By Turna Ray
The Centers for Medicare & Medicaid Services has given the green light to a study sponsored by Iverson Genetics that will compare health outcomes for pharmacogenomics-based warfarin dosing to standard methods.
In approving the study, CMS will reimburse for the genetic testing conducted in the clinical trial, which involves more than 7,000 patients.
Iverson Genetics CEO Dean Sproles said that the warfarin study will use Genmark's eSensor Warfarin Sensitivity Test, which has been cleared by the US Food and Drug Administration.
"After evaluating various FDA-cleared platforms, we've chosen Genmark's eSensor XT-8 platform," Sproles told Pharmacogenomics Reporter this week. He added that the company decided to use an FDA-cleared test after discussions with CMS and experts in the steering committee for the study.
The two-year study, which garnered CMS approval this week under its "coverage with evidence development" scheme, will investigate whether adverse events are reduced when dosage for the highly variable anticoagulant is determined in first-time users based on genetic information. In the randomized, blinded, multi-center trial, researchers will compare patient outcomes when warfarin is administered with the help of PGx data and without.
Last year, when CMS found insufficient evidence demonstrating that PGx-guided warfarin dosing improves health outcomes for Medicare beneficiaries, the government payor decided not to cover such testing for Medicare recipients, except when it is performed as part of a prospective, randomized controlled trial (PGx Reporter 05/06/09).
The CMS approval "is for a clinical study under 'coverage with evidence development' and will cover pharmacogenetic testing of CYP2C9 or VKORC1 alleles to predict warfarin responsiveness," Iverson Genetics said in a statement. Iverson Genetics will provide laboratory services and oversee compliance issues for the study.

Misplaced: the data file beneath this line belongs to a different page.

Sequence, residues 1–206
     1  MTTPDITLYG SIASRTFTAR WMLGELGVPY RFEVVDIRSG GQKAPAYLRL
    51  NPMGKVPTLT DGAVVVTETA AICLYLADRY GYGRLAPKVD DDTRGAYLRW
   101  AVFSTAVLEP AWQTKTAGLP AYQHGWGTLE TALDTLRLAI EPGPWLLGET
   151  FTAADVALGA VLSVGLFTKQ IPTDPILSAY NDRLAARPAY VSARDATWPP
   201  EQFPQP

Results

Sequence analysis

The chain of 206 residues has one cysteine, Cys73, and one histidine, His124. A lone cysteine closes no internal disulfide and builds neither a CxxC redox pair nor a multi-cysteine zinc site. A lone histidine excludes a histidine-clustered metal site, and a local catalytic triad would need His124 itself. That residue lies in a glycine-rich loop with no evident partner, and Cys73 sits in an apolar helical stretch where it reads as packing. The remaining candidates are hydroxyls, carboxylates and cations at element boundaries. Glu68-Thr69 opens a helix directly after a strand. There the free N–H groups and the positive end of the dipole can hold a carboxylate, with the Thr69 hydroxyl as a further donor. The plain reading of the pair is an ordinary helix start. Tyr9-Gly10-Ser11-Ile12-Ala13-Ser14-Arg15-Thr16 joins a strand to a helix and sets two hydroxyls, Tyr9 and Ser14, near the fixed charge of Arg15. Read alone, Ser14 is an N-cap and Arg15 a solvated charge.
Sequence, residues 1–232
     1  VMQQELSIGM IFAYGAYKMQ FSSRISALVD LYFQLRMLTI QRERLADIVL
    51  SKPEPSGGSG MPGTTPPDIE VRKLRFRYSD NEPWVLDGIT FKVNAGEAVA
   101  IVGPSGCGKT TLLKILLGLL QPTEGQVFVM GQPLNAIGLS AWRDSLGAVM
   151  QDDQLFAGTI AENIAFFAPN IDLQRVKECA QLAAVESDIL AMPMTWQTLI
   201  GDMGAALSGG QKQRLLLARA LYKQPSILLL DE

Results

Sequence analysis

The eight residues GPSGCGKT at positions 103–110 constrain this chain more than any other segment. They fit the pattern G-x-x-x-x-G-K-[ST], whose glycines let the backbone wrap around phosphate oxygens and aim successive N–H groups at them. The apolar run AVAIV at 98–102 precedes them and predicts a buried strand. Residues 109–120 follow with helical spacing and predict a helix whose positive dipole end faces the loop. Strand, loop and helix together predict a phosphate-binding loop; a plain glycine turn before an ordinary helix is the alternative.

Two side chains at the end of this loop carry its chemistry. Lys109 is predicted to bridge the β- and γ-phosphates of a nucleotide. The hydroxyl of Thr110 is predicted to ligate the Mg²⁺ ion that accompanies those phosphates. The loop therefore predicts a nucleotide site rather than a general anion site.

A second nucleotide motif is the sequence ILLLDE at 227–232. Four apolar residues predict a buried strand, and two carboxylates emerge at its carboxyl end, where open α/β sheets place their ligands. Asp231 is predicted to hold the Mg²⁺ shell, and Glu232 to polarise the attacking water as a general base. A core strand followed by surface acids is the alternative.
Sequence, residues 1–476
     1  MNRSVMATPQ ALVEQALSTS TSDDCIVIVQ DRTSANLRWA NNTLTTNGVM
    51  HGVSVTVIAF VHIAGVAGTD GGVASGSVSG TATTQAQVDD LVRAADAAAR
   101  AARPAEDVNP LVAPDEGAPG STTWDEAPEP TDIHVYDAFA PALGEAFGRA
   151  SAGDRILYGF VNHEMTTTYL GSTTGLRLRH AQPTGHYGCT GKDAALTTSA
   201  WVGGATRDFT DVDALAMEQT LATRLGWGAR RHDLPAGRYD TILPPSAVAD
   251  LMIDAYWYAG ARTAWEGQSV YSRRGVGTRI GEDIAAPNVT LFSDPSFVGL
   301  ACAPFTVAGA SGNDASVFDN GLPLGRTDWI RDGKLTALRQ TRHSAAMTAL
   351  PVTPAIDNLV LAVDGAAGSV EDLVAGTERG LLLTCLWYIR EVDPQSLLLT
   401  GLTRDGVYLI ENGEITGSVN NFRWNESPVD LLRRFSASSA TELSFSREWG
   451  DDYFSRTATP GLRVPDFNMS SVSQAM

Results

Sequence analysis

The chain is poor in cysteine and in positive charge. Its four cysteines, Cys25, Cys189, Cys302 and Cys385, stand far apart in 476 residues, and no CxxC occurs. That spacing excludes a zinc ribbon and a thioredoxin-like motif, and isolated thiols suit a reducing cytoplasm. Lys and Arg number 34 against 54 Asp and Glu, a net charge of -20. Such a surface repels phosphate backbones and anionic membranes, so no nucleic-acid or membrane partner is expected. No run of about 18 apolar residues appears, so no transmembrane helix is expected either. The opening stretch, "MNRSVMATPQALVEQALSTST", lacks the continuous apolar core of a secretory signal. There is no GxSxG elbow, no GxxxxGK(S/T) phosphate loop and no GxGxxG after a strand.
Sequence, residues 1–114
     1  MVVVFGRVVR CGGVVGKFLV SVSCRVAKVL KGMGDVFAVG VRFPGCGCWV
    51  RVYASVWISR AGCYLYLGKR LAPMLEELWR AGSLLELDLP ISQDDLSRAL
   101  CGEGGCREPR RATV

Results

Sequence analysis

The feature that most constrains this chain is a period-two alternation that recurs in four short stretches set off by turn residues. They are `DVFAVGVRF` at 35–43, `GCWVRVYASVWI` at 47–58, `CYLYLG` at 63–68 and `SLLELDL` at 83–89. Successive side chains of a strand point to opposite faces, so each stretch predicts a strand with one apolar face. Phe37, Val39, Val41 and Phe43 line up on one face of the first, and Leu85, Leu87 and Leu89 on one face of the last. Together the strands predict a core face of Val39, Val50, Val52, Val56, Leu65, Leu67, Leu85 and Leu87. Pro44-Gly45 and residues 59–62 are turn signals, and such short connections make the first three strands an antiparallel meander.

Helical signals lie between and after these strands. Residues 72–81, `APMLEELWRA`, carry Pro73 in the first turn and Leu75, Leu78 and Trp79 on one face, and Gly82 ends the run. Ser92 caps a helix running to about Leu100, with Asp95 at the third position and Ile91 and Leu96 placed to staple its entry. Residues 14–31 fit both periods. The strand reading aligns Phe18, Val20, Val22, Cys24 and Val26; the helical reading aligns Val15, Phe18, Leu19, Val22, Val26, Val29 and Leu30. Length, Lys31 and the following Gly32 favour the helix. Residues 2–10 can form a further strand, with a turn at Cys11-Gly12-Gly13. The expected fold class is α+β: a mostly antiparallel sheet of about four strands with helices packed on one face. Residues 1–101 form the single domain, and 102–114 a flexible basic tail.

The FDA earlier this year updated the labeling for warfarin with PGx-guided dosing ranges. The agency first updated the anticoagulant's labeling in 2007 to inform healthcare providers of the heightened risk of adverse events for warfarin-treated patients harboring mutations in the CYP2C9 and VKORC1 genes.
Then on Jan. 22, the FDA updated the "Dosing and Administration" section in warfarin's label to state that a "patient's CYP2C9 and VKORC1 genotype information, when available, can assist in selection of the starting dose." The label further instructs healthcare providers to refer to a table containing stable maintenance doses observed in multiple patients having different combinations of CYP2C9 and VKORC1 variants. "Consider these ranges in choosing the initial dose," the label advises (PGx Reporter 02/03/10).
Sproles said that the study will test for the gene mutations listed in the FDA-approved label for the drug.
Genmark, formerly known as Osmetech, received FDA clearance for its warfarin sensitivity test and its eSensor XT-8 platform in 2008. Tests from several other companies, including TrimGen, Nanosphere, Autogenomics, and Paragon Dx, have also received FDA approval.
It is estimated that more than 2 million patients are prescribed warfarin in the US annually, and between one percent and five percent of patients experience a major bleeding event due to incorrect dosing. Iverson Genetics cited an American Enterprise Institute-Brookings working paper that reported that the annual costs associated with warfarin-related adverse reactions are in the order of $1.1 billion.
Iverson Genetics' warfarin study will evaluate whether the use of genetic information can reduce side effects, such as major hemorrhagic or thromboembolic events, in the general population.
The study is being led by Elizabeth Ofili, chief of cardiology at Morehouse School of Medicine in Atlanta, Ga. The warfarin study steering committee is accepting clinical sites interested in participation. Further information is available here.